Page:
Building a Custom File Transport, Part 6: Channel Factory

We’ve passed the midway point for the custom file transport example. Now that we’ve got the underlying file code, today’s article starts building out the rest of the client-side code. Here’s the story so far:

  1. Building a Custom File Transport, Part 1: Planning
  2. Building a Custom File Transport, Part 2: Server
  3. Building a Custom File Transport, Part 3: Client
  4. Building a Custom File Transport, Part 4: Binding and Binding Element
  5. Building a Custom File Transport, Part 5: Channel Basics

The next piece of the puzzle is the channel factory. The factory is rather simple because all it needs to do is configure and build out channels for us on demand. This factory implementation will take the binding element that describes the file transport, combine that with the binding element that describes the message encoding, and build an instance of the transport with all of the configured options. Once the factory is constructed from the binding, there’s no sharing of configuration information. This allows you to construct many factories from a single binding, and in the future we’ll be constructing many channels from a single factory.

using System;
using System.ServiceModel;
using System.ServiceModel.Channels;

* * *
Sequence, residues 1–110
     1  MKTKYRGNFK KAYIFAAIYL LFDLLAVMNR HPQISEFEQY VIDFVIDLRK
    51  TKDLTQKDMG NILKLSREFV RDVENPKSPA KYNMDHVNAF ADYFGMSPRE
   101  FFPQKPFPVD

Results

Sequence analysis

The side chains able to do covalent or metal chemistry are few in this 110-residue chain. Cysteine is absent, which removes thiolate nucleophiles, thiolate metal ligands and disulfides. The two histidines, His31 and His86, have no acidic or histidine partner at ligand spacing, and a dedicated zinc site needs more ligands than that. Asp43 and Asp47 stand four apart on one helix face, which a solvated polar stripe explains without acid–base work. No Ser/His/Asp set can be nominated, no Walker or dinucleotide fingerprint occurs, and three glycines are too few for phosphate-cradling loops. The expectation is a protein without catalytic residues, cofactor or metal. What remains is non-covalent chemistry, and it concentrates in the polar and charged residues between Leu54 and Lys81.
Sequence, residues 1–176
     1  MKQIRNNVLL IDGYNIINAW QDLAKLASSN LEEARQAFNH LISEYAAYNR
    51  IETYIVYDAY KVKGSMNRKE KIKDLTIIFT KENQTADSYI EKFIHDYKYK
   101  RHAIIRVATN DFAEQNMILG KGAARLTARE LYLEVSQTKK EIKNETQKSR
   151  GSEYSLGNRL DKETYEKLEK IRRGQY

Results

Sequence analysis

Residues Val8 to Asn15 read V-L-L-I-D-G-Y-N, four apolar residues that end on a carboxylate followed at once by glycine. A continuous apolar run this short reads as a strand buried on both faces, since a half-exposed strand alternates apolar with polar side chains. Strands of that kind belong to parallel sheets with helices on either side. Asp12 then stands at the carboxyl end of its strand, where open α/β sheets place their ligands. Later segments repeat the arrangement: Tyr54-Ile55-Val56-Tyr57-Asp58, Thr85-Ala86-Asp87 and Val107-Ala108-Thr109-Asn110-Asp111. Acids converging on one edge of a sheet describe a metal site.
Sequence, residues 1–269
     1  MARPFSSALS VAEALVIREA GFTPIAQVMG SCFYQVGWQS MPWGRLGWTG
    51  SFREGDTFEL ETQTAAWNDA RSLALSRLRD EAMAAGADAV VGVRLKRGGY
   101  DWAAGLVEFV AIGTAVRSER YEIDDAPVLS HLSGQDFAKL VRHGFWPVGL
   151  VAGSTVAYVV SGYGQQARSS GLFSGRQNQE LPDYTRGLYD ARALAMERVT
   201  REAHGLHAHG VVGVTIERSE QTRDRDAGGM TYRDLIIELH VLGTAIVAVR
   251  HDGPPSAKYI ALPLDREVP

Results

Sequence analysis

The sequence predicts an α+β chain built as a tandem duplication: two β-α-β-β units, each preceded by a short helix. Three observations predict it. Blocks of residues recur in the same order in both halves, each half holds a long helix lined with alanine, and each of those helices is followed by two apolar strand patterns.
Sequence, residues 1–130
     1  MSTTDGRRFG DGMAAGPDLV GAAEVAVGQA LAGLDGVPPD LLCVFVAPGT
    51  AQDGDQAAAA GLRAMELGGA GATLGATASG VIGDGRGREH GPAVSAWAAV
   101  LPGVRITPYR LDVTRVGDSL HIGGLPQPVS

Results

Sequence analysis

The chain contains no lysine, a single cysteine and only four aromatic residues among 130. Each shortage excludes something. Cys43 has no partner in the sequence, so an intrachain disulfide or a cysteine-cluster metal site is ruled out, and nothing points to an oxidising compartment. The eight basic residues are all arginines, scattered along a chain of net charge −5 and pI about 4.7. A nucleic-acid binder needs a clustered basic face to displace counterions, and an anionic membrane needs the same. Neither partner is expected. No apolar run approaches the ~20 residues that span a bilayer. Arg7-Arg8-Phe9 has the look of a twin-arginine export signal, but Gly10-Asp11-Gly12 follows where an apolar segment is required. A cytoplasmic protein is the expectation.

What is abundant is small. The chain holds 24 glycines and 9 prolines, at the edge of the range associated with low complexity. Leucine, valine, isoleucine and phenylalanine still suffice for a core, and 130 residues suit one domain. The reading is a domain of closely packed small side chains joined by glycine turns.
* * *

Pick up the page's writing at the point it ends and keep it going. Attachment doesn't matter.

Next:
namespace FileTransport
class FileRequestChannelFactory : ChannelFactoryBase<IRequestChannel>
readonly BufferManager bufferManager;
readonly MessageEncoderFactory encoderFactory;
public readonly long MaxReceivedMessageSize;
readonly string scheme;
public readonly bool Streamed;

public FileRequestChannelFactory(FileTransportBindingElement transportElement, BindingContext context)
: base(context.Binding)
MessageEncodingBindingElement messageEncodingElement = context.UnhandledBindingElements.Remove<MessageEncodingBindingElement>();
this.bufferManager = BufferManager.CreateBufferManager(transportElement.MaxBufferPoolSize, int.MaxValue);
this.encoderFactory = messageEncodingElement.CreateMessageEncoderFactory();
MaxReceivedMessageSize = transportElement.MaxReceivedMessageSize;
this.scheme = transportElement.Scheme;
Streamed = transportElement.Streamed;

protected override IRequestChannel OnCreateChannel(EndpointAddress address, Uri via)
return new FileRequestChannel(this.bufferManager, this.encoderFactory, address, this, via);

public override MessageVersion MessageVersion
get { return MessageVersion.Default; }

public override string Scheme
get { return this.scheme; }

Next time: Building a Custom File Transport, Part 7: Request Channel

Comments (2)

  1. Two weeks ago I talked a little bit about how Network Address Translators (NATs) work, but only hinted…

  2. Today’s article is just a summary of what we’ve put together with the file transport and a demonstration…